(You can follow Alex. Kane on Twitter by clicking here)
The most damning failure of Barack Obama’s first four years in the Oval Office is that he remains as divisive a figure today as he was back in 2008.
For a man who built his original presidential bid on hope, bridge-building and ‘the bringing together of the peoples and races of America,’ he must surely be disappointed that the country seems more polarised than ever and that millions who once supported him now seem to feel betrayed and abandoned.
It’s all a far cry from that moment on February 10, 2007, when he announced his candidacy in front of the Old State Capitol building in Springfield, Illinois: the very place where, in 1858, Abraham Lincoln had delivered his ‘A house divided against itself cannot stand’ speech.
It’s also instructive that, against the background of an economic downturn and high unemployment—when there should be evidence of a swing against bankers and the champions of red-in-tooth-and-claw capitalism—he has been running neck and neck with a billionaire businessman who is known to favour lay-offs and the pursuit of cheap labour and cheaper costs.
Back in 2008 (indeed as far back as 2004, when he wowed the Democratic Convention with a primetime speech backing John Kerry) Obama was the performer, the entertainer. He was the new kid on the electoral block at a time when American Idol was dominating the ratings and proving that anyone, from anywhere, providing they had the talent, could storm to the top if they had the popular vote behind them.
He was the walking, talking embodiment of Weldon Irvine’s 1970 anthem ‘To Be Young, Gifted and Black’:
Young, gifted and black
Oh what a lovely precious dream
To be young, gifted and black
Open your heart to what I mean.
During that 2004 Convention speech I was reminded of Sidney Poitier in the wonderful 1967 film ‘Guess Who’s Coming to Dinner’—a brave, ground-breaking film made at a time when a story about an inter-racial love affair would be enough to have the film banned (albeit unofficially) across huge swathes of America.
‘You don’t own me! You can’t tell me when or where I’m out of line, or try to get me to live my life according to your rules. You don’t even know what I am, Dad, you don’t know who I am. You don’t know how I feel, what I think. And if I tried to explain it the rest of your life you will never understand.
You are 30 years older than I am. You and your whole lousy generation believes the way it was for you is the way it’s got to be. And not until your whole generation has lain down and died will the dead weight of you be off our backs!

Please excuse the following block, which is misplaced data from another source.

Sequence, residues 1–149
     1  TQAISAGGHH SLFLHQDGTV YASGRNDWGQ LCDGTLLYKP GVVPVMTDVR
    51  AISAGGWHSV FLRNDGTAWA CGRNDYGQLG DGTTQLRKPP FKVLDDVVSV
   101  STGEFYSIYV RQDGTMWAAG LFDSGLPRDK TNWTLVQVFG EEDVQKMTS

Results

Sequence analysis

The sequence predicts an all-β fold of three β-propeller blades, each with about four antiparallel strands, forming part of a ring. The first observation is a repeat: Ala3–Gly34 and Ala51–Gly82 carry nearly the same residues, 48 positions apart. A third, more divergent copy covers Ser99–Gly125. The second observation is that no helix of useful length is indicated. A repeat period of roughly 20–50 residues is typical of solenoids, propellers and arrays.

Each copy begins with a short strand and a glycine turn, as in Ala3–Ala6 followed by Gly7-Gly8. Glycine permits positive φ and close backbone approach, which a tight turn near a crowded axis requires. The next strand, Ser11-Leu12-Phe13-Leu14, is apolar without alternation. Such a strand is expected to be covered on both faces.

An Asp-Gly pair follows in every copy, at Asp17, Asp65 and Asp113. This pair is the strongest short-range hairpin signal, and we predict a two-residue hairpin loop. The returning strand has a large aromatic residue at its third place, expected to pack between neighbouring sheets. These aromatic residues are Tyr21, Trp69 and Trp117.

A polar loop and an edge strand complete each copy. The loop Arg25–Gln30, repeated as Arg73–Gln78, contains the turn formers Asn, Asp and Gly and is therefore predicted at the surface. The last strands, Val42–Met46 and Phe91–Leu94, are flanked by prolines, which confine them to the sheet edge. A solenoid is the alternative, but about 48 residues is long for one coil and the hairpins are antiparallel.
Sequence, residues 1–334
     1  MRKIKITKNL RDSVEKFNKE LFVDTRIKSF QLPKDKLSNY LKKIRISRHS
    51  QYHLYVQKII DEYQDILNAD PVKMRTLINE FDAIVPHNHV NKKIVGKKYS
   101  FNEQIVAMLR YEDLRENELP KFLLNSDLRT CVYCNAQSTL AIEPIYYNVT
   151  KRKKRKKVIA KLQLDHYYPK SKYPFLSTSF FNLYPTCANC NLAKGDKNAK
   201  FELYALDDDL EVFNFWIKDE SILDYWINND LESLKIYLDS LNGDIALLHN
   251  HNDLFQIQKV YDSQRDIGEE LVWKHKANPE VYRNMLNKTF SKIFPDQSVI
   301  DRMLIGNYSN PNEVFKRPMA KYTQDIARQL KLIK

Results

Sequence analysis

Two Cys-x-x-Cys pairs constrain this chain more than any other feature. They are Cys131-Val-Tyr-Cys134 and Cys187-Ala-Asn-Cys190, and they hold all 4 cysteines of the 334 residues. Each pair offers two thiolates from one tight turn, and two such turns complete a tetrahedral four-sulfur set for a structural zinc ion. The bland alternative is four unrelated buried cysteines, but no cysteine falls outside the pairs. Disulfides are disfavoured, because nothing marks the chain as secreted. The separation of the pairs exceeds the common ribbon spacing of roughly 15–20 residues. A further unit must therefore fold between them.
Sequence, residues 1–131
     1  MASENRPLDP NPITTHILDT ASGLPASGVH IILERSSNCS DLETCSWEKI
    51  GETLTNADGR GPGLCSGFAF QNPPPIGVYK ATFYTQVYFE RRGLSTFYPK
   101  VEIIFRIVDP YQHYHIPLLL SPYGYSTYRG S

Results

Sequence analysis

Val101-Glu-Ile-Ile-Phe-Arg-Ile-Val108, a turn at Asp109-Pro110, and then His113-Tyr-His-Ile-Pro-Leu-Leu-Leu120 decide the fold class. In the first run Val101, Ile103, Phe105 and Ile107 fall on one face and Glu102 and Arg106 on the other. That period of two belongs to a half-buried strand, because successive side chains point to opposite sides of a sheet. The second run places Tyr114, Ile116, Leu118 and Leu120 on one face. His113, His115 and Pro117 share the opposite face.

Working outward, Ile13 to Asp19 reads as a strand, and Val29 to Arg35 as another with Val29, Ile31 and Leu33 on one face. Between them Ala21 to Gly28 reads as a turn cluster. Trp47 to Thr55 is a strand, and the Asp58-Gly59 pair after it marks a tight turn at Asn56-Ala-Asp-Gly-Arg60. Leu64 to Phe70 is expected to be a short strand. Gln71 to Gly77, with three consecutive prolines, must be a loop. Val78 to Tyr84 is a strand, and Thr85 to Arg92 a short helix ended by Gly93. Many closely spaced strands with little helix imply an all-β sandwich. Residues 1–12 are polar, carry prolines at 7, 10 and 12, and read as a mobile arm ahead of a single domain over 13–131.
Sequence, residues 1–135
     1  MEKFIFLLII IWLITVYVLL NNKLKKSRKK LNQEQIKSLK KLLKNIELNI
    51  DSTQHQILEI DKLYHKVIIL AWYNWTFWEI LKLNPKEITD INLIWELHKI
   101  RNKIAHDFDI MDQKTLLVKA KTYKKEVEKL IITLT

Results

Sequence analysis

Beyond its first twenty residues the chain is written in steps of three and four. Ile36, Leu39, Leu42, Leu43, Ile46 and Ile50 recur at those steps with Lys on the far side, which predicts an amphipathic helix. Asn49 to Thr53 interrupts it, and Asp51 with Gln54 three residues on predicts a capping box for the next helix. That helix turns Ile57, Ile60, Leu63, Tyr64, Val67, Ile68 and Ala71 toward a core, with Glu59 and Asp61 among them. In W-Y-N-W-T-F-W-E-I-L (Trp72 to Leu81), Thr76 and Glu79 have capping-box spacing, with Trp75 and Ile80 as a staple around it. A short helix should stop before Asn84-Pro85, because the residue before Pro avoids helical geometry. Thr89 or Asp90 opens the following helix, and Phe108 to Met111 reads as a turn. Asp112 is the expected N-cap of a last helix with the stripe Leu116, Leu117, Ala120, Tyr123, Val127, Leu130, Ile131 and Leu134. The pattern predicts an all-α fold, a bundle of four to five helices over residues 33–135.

You understand, you’ve got to get off my back! Dad… Dad, you’re my father. I’m your son. I love you. I always have and I always will. But you think of yourself as a colored man. I think of myself as a man. Now, I’ve got a decision to make. And I’ve got to make it alone, and I gotta make it in a hurry’.
And Obama did make his decision and make it in a hurry: because a mere four years after the Convention speech he was President of the United States: the fifth youngest and the first African-American. It was a convincing 7% win, too, on a turnout of 62%: up 6% on the 2004 election and 12% on 2000.
He was helped by the fact that John McCain was a warrior and hero at a time when millions of young, new voters didn’t want reminders of the past. It did him no harm, either, that Sarah Palin sounded, at times, like she was just one raisin short of being a complete fruitcake.
Obama arrived at the Oval Office with a convincing victory behind him, millions of young voters willing him to succeed and a world-wide audience who saw him as a brightly shining beacon of hope in a very dark world.
His job, in one sense, was relatively simple (not unlike the sort of challenges that Ronald Reagan faced when he became President in January 1981): bind the nation, rather than divide it and be seen to rise above the smash and soundbite of everyday confrontational politics.
His greatest gift—the platform upon which it was believed he would ‘build the change and harness the hope—was, supposedly, his oratory. Yet within months of taking office it became clear that, just like the American Idol winners, he seemed to be limited to the same song constantly sung in the same wearisome style.
Worse, he seemed genuinely incapable of making tough decisions quickly, opting, instead, for a constant watering down of proposals which persuaded his opponents that he was weak while convincing his supporters that he was a plain, old fashioned cog in the Washington machine.
I have said many times that he reminds me most of President Jimmy Carter: a decent man, but a congenital ditherer. A man with the unerring ability to sideline and leave behind the very people who propelled him to office in the first place, while singularly failing to win over people from the other camp. The worst of all positions to be in during a bid for a second term.
It’s worth remembering that the Democrat’s high command were practically praying for Romney to win the Republican nomination; believing that his combination of quirky religion, reliance on rednecks, billionaire business chums and wooden delivery would leave him easy pickings for Obama.
Yet here we are, a couple of days from the big showdown and the race is still being described as incredibly tight or too close to call. That’s what worries the Obama camp. Their man should be cruising to victory at this point and yet he seems to be struggling. He didn’t wipe the floor with Romney during the debates. Romney has weathered just about everything that’s been thrown at him.